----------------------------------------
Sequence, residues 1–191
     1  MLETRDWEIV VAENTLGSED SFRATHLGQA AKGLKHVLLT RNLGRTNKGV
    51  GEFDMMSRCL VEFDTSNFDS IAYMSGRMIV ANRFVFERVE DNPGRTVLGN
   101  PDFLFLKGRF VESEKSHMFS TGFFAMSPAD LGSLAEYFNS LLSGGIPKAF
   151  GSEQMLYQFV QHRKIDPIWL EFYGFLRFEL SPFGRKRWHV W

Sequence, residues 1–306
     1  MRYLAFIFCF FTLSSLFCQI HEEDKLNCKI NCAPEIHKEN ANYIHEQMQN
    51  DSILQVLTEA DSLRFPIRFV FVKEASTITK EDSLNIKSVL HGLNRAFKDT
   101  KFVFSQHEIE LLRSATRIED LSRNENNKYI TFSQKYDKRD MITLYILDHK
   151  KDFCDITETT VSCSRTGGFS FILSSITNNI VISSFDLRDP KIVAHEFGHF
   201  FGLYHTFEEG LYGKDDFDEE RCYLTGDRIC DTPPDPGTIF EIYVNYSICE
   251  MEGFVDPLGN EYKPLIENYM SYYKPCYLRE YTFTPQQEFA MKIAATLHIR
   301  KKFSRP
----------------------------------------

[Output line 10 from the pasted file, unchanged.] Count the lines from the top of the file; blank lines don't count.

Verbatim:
   151  KDFCDITETT VSCSRTGGFS FILSSITNNI VISSFDLRDP KIVAHEFGHF